Saturday, September 10, 2022

Mitered Kerchief
Does anyone remember the kerchief style scarves from like 50 years ago? Gulp. It just came back to me in a flash. We all wore little cotton triangles either as hats or around our necks. This little knit reminds me of those. And of course the Baktus scarf, my latest favorite knit.

But this time I've made it smaller and started in the middle with a mitered diamond and knit outwards from either side of it. I used a crochet cast on again, because it is just so much easier to get proper tension and because later I am going to want live stitches to knit from where I began.

Crochet a long chain of stitches and with the knitting needle pick up a stitch in the 'spine' of each chain. Later these can be unzipped and will provide live stitches.

The orange yarn is the crochet part that I will undo and then put the exposed stitches on my needle to continue to knit.
Pattern: The mitered diamond in this case was 87 stitches, size 3 needles and lots of different colored sock weight yarns. I used a center decrease of k2tog, k1, k2tog, arranging my stitches before decreasing so that they face the correct way to achieve this look. Knit in garter stitch, and when the sides are knit, decrease at the top edge, one stitch away from the edge, every fourth row.
The mitered square alone is 8". If a larger, longer scarf is desired, increase the amount of stitches for the mitered square, by an uneven number.
I'd much rather decrease than increase, which is why I decided to construct this scarf in this manner. One could just as easily start at one end of the scarf, increase until time to make the big mitered square center, and then pick up stitches from the other side of the square and decrease to the end. Whichever way makes you happiest, I always say.
Here it is with just one side knit off the square and the crochet yarn still attached.
Any questions? Email me
PS: Wendy over at Knit and Tonic has a great tutorial on Long Tail Provisional Cast-on. See it here.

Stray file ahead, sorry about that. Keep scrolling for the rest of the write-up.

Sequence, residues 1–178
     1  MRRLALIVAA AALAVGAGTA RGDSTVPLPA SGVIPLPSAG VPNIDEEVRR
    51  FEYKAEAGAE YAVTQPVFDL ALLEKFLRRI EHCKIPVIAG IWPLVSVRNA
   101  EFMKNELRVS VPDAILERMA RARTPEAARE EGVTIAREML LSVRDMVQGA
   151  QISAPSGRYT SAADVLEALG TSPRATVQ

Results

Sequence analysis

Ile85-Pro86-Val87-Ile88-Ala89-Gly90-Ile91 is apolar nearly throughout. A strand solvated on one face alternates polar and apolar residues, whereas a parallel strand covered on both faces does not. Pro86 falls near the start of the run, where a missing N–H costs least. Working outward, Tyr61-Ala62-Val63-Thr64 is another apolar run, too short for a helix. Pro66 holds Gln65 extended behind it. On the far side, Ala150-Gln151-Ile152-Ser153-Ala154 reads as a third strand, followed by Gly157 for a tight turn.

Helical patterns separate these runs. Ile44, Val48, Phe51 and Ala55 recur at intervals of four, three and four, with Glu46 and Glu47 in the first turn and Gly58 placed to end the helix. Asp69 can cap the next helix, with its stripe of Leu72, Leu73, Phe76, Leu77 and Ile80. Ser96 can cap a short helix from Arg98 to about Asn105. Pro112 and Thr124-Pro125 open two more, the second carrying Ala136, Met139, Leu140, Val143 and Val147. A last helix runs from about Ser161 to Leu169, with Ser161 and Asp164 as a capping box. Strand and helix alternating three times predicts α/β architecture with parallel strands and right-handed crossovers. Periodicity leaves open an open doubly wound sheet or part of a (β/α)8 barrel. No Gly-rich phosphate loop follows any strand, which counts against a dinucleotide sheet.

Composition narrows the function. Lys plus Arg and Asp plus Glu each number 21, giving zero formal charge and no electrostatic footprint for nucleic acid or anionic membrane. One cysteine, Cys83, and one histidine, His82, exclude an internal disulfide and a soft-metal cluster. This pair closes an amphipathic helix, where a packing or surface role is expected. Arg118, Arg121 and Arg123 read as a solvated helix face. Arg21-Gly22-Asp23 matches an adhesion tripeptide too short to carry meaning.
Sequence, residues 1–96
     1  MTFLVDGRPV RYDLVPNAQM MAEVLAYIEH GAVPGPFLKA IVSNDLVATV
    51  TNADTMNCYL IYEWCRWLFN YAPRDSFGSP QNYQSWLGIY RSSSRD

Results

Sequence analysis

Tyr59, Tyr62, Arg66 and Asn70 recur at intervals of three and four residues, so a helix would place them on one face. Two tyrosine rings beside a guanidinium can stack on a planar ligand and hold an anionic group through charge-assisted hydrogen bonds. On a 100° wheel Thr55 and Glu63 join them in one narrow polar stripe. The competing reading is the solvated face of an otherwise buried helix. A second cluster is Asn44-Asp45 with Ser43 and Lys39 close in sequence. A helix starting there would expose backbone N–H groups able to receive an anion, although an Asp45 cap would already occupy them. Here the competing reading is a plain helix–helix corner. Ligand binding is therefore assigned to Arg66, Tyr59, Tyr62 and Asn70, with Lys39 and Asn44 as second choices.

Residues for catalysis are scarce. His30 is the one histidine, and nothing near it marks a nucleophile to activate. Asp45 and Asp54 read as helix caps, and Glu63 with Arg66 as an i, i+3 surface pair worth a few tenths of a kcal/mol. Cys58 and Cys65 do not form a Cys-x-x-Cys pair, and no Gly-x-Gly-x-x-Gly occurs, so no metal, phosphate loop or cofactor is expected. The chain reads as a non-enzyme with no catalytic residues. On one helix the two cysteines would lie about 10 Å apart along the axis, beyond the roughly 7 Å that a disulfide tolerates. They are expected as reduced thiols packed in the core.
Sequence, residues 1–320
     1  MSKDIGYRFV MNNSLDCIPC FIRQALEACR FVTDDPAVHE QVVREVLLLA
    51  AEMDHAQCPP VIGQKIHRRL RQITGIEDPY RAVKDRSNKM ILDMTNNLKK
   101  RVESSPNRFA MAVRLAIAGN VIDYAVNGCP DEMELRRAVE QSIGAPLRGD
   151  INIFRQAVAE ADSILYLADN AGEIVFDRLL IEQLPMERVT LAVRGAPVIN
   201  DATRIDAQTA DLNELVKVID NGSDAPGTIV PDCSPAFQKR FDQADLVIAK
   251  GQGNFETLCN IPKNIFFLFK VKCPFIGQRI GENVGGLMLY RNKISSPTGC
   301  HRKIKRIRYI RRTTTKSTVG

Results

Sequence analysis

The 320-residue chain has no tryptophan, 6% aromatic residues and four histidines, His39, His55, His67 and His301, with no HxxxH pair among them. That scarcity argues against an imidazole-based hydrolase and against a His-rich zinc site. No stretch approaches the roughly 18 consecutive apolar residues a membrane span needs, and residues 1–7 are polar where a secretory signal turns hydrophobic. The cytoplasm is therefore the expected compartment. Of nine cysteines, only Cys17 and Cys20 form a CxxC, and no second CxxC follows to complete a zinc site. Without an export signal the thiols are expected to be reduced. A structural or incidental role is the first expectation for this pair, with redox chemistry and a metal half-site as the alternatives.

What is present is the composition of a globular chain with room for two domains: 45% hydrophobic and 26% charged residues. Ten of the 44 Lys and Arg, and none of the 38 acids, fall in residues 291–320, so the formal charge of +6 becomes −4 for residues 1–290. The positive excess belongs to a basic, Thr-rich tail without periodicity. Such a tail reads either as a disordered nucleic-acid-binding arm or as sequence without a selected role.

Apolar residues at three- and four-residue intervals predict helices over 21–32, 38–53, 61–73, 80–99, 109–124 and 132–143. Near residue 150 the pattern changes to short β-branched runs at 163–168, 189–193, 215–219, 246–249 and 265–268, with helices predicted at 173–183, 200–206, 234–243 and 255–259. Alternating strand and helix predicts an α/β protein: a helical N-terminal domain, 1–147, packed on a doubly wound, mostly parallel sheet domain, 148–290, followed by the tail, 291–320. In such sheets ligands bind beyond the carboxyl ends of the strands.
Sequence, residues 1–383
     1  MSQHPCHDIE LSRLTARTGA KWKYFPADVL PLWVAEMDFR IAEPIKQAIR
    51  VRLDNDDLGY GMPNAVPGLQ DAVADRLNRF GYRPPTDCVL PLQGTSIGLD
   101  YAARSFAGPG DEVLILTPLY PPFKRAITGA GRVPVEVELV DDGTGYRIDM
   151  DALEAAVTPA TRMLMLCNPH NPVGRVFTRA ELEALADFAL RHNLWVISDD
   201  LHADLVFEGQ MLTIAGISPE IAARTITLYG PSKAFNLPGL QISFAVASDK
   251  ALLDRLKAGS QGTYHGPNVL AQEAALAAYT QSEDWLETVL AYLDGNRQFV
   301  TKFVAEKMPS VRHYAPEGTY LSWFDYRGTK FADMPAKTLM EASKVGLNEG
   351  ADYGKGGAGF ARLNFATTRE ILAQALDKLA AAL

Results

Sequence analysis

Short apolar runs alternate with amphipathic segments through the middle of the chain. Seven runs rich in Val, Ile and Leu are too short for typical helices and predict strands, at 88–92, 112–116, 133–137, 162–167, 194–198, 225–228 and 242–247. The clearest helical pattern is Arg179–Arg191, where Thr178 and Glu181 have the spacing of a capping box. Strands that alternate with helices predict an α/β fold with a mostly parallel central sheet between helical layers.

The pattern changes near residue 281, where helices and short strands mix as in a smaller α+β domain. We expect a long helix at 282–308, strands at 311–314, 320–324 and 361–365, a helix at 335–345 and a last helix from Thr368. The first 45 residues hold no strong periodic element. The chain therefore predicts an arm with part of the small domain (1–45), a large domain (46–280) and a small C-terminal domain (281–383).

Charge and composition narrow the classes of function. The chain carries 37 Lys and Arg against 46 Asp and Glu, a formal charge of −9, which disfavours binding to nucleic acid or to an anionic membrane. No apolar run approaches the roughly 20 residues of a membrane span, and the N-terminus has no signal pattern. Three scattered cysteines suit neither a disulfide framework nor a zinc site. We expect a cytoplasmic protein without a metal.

Wednesday, July 30, 2014

Back from Staycation

I had a wonderful relaxing staycation, with many naps and lots of time to think. The thinking led me to reevaluate everything I've been doing over the last 10 years or so. I've decided to make a few changes that already have increased my sense of well being and given me a feeling of ownership of my life and art.

First thing I decided was to take down my old website, (as of August 1st) since it hasn't been updated in like seven years, and most of the stuff is sold anyway, so why keep it? Then I had to consider what would replace it, and I decided on having a brand new blog with the auspicious title Melody Johnson. The url is because it will record a variety of new pursuits, which may or may not be quite different from what I have done here.

I am keeping Fibermania up for the duration because so much information is posted here, and I may need to refer to things in the future.

I hope you'll consider visiting me at my new blog, and sign up for email notification, as I doubt I will be posting as often. One of the things I realized was that most nights I go to bed worrying about what I will blog the next day. It resulted in quick-hurry-up art, and not enough trying out of new ideas. Now I want to take my time and be more thoughtful about the art I make.


Thursday, July 24, 2014

Staycation 2014

I am enjoying doing nothing for at least a week.

Monday, July 21, 2014

Silk Splash #1 and #2

Silk Splash #1
Hand painted silk, hand dyed cotton, one commercial print, ink, fused onto batting and wrapped around a cradled wood panel. 10x10x1" $100 Email me. I've been saving this piece of hand painted silk for ages, and never could figure out how I wanted to use it, until now. It was painted with Jacquard fabric paints, and it is a medium weight silk habotai. 

The back side of a cradled wood panel.

Silk Splash #2
Hand dyed cottons, hand painted silk, one commercial print, ink, fused onto batting and wrapped around a cradled wood panel. 12x12x1" $100 Email me.

Sunday, July 20, 2014

Stepping Out

Stepping Out
Hand dyed cottons, silks, and one commercial stripe. Fused to batting and wrapped onto a cradled wood panel.

The fabric is flying now! I am getting up to the studio early and digging around for pretty colors and diving right in. So much fun for me.

I had been a little burned out, as mentioned, and was hoping that painting would do the trick to get me excited again, which it did, but here is the that I have found this idea, I feel brand new things will start happening with fabric. But I must put in the work. Imagining is one thing, making it happen is next.

I love those tiny X's!

Saturday, July 19, 2014

New Work

Yeah Baby!
Hand dyed cotton, bits of silks, fused, mounted on batting, and wrapped around a cradled wood panel. 10x10x1". $100 Email me. SOLD